Should I escape shell arguments in Perl?

When using system() calls in Perl, do you have to escape the shell args, or is that done automatically?

The arguments will be user input, so I want to make sure this isn't exploitable.


If you use system $cmd, @args rather than system "$cmd @args" (an array rather than a string), then you do not have to escape the arguments because no shell is invoked (see system). system {$cmd} $cmd, @args will not invoke a shell either even if $cmd contains metacharacters and @args is empty (this is documented as part of exec). If the args are coming from user input (or other untrusted source), you will still want to untaint them. See -T in the perlrun docs, and the perlsec docs.

If you need to read the output or send input to the command, qx and readpipe have no equivalent. Instead, use open my $output, "-|", $cmd, @args or open my $input, "|-", $cmd, @args although this is not portable as it requires a real fork which means Unix only... I think. Maybe it'll work on Windows with its simulated fork. A better option is something like IPC::Run, which will also handle the case of piping commands to other commands, which neither the multi-arg form of system nor the 4 arg form of open will handle.

On Windows, the situation is a bit nastier. Basically, all Win32 programs receive one long command-line string -- the shell (usually cmd.exe) may do some interpretation first, removing < and > redirections for example, but it does not split it up at word boundaries for the program. Each program must do this parsing themselves (if they wish -- some programs don't bother). In C and C++ programs, routines provided by the runtime libraries supplied with the compiler toolchain will generally perform this parsing step before main() is called.

The problem is, in general, you don't know how a given program will parse its command line. Many programs are compiled with some version of MSVC++, whose quirky parsing rules are described here, but many others are compiled with different compilers that use different conventions.

This is compounded by the fact that cmd.exe has its own quirky parsing rules. The caret (^) is treated as an escape character that quotes the following character, and text inside double quotes is treated as quoted if a list of tricky criteria are met (see cmd /? for the full gory details). If your command contains any strange characters, it's very easy for cmd.exe's idea of which parts of text are "quoted" and which aren't to get out of sync with your target program's, and all hell breaks loose.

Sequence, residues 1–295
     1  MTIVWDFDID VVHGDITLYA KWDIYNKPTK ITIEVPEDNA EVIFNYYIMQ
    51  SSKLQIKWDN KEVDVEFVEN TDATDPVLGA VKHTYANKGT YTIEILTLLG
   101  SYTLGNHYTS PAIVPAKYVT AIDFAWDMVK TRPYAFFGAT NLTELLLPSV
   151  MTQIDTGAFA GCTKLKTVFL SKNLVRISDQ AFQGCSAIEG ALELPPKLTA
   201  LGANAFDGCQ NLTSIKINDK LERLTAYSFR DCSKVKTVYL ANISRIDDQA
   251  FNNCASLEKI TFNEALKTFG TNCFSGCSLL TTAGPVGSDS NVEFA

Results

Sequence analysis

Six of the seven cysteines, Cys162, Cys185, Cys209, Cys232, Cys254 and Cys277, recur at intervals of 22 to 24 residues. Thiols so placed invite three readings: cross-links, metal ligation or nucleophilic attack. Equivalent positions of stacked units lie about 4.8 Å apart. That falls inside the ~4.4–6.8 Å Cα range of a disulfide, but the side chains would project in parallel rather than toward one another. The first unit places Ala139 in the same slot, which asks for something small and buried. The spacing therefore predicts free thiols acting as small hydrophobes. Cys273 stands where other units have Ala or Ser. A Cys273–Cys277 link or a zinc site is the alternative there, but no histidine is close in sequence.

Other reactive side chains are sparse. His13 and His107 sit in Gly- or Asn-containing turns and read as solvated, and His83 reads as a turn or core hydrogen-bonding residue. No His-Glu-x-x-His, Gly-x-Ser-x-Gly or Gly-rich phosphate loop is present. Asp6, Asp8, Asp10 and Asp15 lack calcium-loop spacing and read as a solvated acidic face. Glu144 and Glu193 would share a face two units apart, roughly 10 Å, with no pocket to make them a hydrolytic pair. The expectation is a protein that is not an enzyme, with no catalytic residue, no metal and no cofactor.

So, the safest approach for escaping arguments on Windows is:

  1. Escape arguments in the manner expected by the command-line parsing logic of the program you're calling. (Hopefully you know what that logic is; if not, try a few examples and guess.)
  2. Join the escaped arguments with spaces.
  3. Prefix every single non-alphanumeric character of the resulting string with ^.
  4. Append any redirections or other shell trickery (e.g. joining commands with &&).
  5. Run the command with system() or backticks.

 sub esc_chars {
  # will change, for example, a!!a to a\!\!a
     @_ =~ s/([;<>\*\|`&\$!#\(\)\[\]\{\}:'"])/\\$1/g;
     return @_;

If you use system "$cmd @args" (a string), then you have to escape the arguments because a shell is invoked.

Fortunately, for double quoted strings, only four characters need escaping:

"    - double quote
$    - dollar
@    - at symbol
\    - backslash

The answers on your question were very useful. In the end I followed @runrig's advice but then used the core module open3() command so I could capture the output from STDERR as well as STDOUT.

For sample code of open3() in use with @runrig's solution, see my related question and answer: Calling system commands from Perl

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